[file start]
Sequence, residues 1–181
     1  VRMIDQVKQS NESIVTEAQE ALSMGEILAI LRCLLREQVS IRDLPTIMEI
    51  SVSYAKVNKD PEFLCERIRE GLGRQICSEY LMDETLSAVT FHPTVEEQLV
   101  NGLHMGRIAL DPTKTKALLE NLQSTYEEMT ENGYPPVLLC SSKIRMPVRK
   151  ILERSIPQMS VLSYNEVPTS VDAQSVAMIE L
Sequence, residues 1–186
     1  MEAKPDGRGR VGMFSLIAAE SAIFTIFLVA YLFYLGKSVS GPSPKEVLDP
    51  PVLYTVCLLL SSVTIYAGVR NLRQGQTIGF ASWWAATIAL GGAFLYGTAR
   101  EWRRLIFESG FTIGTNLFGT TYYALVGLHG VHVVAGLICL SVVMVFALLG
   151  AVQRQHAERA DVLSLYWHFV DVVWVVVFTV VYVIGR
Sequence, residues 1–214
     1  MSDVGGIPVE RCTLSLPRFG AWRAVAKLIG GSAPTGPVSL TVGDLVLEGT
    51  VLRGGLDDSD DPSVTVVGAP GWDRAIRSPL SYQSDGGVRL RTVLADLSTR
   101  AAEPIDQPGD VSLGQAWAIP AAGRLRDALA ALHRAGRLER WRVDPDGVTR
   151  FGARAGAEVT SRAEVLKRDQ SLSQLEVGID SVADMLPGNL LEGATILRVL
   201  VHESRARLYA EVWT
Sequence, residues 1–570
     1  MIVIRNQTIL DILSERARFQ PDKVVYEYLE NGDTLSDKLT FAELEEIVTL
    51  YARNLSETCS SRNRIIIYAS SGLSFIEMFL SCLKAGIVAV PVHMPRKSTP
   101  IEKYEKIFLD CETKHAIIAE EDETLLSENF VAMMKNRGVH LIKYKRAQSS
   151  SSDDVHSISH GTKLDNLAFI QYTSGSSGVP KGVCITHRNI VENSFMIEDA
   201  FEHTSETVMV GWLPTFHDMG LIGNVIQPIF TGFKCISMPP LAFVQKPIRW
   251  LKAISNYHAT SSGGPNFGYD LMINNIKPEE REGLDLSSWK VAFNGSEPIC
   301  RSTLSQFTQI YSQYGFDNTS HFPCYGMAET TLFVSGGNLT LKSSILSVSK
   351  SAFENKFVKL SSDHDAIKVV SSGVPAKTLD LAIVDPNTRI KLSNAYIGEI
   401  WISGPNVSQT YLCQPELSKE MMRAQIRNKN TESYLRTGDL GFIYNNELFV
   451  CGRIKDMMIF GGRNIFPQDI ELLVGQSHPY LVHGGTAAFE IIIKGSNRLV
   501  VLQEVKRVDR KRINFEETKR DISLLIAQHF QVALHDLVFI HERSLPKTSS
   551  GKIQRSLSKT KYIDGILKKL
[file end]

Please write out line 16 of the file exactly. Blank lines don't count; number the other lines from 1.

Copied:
   201  VHESRARLYA EVWT